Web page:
# How to read a thermocouple chart?

Studying for the PE exam, everything seems to be a breeze, but I cannot for the life of me read a TC chart. Specifically, I have a sample problem in a study guide where the measured voltage is 21.57 mV with a 20C junction and a Type J thermocouple.

How to solve the problem is straight forward. I know I have to account for the junction temperature by adding the voltage at 20C to my measured voltage, then looking up the result in the chart. I, however, cannot read a chart. Just can't do it. I seem to also have found multiple charts and online calculators that contradict eachother, so if somebody could please help me work this out it would be greatly appreciated.

As far as I can tell, my sources of confusion come from these questions:

1. Some charts number from -10 to 0 in columns, others number from 0 to +10 in columns. These appear the same, but the value that I add to or subtract from is always a mystery, specifically because all charts seem to have a far left value and far right value that are the same, and for me it would be intuitive if the right value was always +10.

2. Related to #1, is there a case to use one or the other above?

3. Is looking up a cold junction offset value in any way different than looking up a regular value? In my example problem, I went to my chart to find the mV for 20C, should I be looking at a different chart for cold junctions?

From my sample problem textbook, they found 20C -> 1.537 mV:

From an online chart, I also found 20C -> 1.537 mV:

From another chart online, I found 20C -> 1.019 mV:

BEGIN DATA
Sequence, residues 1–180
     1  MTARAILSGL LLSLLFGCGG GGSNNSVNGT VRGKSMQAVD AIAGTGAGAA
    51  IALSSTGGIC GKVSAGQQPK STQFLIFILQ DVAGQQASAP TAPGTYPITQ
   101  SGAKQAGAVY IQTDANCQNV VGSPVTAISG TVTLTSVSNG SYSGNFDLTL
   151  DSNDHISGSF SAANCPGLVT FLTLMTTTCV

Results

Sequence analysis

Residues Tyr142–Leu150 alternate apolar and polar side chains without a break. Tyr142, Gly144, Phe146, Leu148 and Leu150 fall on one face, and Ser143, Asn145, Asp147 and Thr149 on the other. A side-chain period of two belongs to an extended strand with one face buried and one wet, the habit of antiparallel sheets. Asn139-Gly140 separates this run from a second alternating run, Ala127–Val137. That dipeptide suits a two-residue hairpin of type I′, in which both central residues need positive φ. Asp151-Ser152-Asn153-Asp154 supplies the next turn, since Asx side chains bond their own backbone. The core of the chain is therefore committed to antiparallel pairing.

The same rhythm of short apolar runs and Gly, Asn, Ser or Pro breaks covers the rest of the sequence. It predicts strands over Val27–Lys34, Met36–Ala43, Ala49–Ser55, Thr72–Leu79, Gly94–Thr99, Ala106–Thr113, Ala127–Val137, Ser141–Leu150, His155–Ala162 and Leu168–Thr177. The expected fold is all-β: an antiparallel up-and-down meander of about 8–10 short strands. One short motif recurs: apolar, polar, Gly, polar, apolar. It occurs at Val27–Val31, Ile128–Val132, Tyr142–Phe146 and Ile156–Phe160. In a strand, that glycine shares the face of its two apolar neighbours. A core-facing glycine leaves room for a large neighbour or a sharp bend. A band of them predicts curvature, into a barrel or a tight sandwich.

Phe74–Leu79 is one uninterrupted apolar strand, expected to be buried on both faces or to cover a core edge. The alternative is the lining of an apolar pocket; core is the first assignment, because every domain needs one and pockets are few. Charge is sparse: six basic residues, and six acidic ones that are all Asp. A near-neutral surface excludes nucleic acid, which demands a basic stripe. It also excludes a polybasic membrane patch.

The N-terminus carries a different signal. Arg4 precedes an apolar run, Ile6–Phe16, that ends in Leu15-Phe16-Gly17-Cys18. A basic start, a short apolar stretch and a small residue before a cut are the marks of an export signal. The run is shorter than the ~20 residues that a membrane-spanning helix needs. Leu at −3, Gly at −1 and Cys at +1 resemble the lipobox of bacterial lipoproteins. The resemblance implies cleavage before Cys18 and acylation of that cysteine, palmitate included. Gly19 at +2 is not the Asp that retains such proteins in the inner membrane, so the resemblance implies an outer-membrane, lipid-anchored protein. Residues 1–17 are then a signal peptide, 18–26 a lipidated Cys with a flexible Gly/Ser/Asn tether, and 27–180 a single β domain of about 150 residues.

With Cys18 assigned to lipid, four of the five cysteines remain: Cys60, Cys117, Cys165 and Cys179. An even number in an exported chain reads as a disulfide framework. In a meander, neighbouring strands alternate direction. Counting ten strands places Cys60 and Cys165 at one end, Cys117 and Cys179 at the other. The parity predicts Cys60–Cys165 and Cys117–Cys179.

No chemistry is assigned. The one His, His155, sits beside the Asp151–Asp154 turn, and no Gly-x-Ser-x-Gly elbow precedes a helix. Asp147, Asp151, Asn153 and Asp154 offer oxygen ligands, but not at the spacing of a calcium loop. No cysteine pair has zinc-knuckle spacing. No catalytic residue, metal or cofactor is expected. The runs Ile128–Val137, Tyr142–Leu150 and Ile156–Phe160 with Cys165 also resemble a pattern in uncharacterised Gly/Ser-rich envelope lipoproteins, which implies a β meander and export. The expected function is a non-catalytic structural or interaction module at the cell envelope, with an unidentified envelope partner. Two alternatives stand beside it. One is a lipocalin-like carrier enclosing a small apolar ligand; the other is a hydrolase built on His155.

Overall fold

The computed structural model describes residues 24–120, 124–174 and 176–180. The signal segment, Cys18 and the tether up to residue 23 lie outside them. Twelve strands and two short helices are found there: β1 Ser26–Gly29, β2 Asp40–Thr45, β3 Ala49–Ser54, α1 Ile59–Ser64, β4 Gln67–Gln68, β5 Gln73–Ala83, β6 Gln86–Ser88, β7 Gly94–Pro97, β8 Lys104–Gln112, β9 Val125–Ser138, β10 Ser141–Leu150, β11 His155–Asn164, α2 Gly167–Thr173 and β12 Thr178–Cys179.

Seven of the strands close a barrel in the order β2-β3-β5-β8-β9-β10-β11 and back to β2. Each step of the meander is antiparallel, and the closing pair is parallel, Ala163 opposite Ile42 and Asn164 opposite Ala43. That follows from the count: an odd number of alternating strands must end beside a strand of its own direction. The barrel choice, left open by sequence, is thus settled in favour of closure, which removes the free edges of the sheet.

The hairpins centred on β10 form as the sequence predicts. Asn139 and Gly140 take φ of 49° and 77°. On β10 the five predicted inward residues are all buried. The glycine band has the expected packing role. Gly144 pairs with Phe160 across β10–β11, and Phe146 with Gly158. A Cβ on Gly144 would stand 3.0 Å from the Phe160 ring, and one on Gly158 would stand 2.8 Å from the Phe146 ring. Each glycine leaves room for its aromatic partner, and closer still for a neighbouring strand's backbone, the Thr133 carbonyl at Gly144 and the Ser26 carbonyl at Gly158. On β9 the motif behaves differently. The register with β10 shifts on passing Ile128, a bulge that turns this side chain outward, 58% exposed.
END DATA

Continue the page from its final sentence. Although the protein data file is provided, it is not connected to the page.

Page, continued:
An online calculator I found says 20C -> 1.019 mV:

Fluke's online calculator agrees 20C -> 1.019mV:

The reference book I have available to me was in Fahrenheit, but 68F -> 1.306mV:

All of the values seem to differ by 10C (1.019 mV vs 1.537 mV), except the Fahrenheit value seems to be about halfway, so I'm sure it's no coincidence that my interpretations of the charts are wrong, but using the calculators I just punched it in. Where am I going wrong here?

• ignoring the column headings, if you go 20 C away from a voltage of 0.000, you get to a voltage of 1.019, on all the charts that you've circled 1.537. You might expect 0v output at 0C difference. Which changes the question to what exactly are those column headings? Oct 21, 2018 at 17:20
• I was thinking that as well. If I just find the 0v value and call that 0deg, I can just count down by 10c and over by 1c. However that means my sample problem solution in the text book is wrong as they used 1.537mV. Oct 21, 2018 at 17:48
• You cannot have a non-zero value for zero degrees otherwise you're a genius , you invented the free energy source. The readings with 1.537 are for 30 degrees because reading in the way you did will show 0.507 for zero degrees. Yes , the book is wrong. Oct 22, 2018 at 7:58
• The reading you do for Fahrenheit chart is for 78F, see the where is the 0V value, at 32F (0C) Oct 22, 2018 at 8:16
• WRT the comment on voltage at zero degrees, is that a safe assumption? The comment regarding zero volts at zero temperature being free energy is nonsense. It's not absolute zero, we're not using Rankin and Kelvin. Oct 24, 2018 at 16:43

## 3 Answers

I realise this thread is kinda old but in case anyone else in the future is curious I will explain why there is confusion and how these charts work.